Office of Production Management, and moved to Washington.
After Pearl Harbor he served as chairman of the Joint
Aircraft Committee, an Anglo-American body which scheduled
delivery of all aircraft, director of the Aircraft Resources
Control Office and member of the War Production Board.
In all these positions, he played a key role in expanding
aircraft production, especially in developing essential
statistical tools that provided accurate information on
industrial capacity and measured worker efficiency.
In September 1944, as aircraft production approached 100,000
planes a year, Wright accepted a presidential appointment
as administrator of the Civil Aeronautics Administration
(CAA), where he worked under William A.M. Burden, the
Assistant Secretary of Commerce for Air. In this office,
he hoped to contribute to the anticipated huge increase
in commercial aviation after the war. Internally, he carried
out a decentralization of the organization and fostered
private flying. During this period, he obtained again
a pilot's license, which had lapsed since the First World
War, by passing the CAA's own stringent tests and thereafter
flew himself on business trips.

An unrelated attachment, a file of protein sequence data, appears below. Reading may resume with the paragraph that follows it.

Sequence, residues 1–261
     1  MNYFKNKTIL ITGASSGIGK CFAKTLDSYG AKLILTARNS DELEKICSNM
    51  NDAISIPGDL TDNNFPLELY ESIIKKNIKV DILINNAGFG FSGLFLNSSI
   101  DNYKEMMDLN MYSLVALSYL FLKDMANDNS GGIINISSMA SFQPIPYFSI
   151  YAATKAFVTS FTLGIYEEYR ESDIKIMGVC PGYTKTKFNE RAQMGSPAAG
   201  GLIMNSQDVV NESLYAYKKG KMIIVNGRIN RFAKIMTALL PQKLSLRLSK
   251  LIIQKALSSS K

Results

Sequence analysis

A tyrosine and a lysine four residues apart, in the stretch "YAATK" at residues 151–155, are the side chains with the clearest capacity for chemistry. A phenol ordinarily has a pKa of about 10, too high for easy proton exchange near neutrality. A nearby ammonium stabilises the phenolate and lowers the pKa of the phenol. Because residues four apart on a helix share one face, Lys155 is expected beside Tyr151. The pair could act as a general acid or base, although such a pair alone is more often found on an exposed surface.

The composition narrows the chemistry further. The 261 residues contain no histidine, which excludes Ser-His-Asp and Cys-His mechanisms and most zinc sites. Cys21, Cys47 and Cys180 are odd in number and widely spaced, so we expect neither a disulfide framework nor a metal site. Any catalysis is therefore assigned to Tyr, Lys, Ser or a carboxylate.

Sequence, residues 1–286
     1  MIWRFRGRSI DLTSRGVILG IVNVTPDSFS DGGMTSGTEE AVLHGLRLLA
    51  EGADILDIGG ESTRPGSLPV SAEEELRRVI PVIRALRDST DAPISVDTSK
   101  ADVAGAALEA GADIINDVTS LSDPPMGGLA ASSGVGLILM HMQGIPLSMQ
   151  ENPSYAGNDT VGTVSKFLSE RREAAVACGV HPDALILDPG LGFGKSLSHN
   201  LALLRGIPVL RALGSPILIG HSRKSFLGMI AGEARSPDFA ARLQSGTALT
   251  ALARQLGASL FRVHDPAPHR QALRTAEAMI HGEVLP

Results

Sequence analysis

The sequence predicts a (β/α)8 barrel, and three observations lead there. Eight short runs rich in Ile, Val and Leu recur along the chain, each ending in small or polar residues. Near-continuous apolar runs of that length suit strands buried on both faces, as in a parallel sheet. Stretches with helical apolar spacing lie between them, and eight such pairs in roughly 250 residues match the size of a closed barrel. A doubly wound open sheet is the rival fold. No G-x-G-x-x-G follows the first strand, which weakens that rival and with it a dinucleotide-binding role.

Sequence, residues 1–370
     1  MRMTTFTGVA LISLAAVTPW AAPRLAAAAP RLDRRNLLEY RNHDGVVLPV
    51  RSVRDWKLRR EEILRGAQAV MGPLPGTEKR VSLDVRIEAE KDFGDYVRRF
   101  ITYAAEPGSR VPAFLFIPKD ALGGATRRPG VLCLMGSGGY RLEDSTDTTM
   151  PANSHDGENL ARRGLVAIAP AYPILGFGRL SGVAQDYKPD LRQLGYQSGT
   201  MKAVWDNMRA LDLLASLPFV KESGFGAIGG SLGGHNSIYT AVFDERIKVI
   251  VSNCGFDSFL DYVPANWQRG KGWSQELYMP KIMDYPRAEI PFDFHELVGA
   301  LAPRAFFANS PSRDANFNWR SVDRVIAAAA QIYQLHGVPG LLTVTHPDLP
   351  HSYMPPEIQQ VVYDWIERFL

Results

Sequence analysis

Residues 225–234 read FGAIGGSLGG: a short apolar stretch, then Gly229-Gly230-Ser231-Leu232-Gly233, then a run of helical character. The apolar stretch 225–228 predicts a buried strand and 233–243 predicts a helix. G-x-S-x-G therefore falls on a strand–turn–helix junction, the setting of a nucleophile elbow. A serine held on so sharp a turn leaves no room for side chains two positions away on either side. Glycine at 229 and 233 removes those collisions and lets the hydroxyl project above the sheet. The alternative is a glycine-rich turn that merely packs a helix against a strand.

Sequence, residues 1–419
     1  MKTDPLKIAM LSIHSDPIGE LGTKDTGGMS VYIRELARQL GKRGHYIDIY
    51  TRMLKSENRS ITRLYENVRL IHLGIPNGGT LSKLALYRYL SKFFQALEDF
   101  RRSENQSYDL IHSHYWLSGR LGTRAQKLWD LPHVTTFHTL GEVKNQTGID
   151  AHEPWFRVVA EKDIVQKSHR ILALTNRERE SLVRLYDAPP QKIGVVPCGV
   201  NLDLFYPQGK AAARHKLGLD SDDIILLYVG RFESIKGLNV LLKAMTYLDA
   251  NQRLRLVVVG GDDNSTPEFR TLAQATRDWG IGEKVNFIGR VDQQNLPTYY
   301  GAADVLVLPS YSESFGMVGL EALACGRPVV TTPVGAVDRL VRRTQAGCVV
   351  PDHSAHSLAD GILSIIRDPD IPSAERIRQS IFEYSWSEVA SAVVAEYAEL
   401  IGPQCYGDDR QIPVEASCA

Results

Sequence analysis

Another mark of his idealism was his advocacy of an international
air police force in the course of giving the 1945 Wilbur
Wright Memorial Lecture, "Aviation's Place in Civilization"
in London. This came shortly after participating in the
Strategic Bombing Survey which gave him a closeup view
of the destruction of aerial bombing in Germany. In the
same year he was Technical Secretary of the International
Civil Aviation conference at Chicago which led to the
formation of the International Civil Aviation Organization
for the regulation and promotion of worldwide air transport.
In this his work fit closely with that of his brother,
Quincy Wright, in shaping the United Nations organizations.
In 1945 he also was awarded the Daniel Guggenheim medal
for aeronautics, of which he was very proud.
by the propects of a Republican victory in 1948 and weary
of having to give in to congressional interference in
the assignment of federal aid to airports over the dictates
of engineering rationality, Wright resigned in April of
that year. While his old associates had made fortunes
out of the war, Wright had had to sell off his aviation
stock and subsist on a civil service salary. However,
rejecting attractive offers from industry, he accepted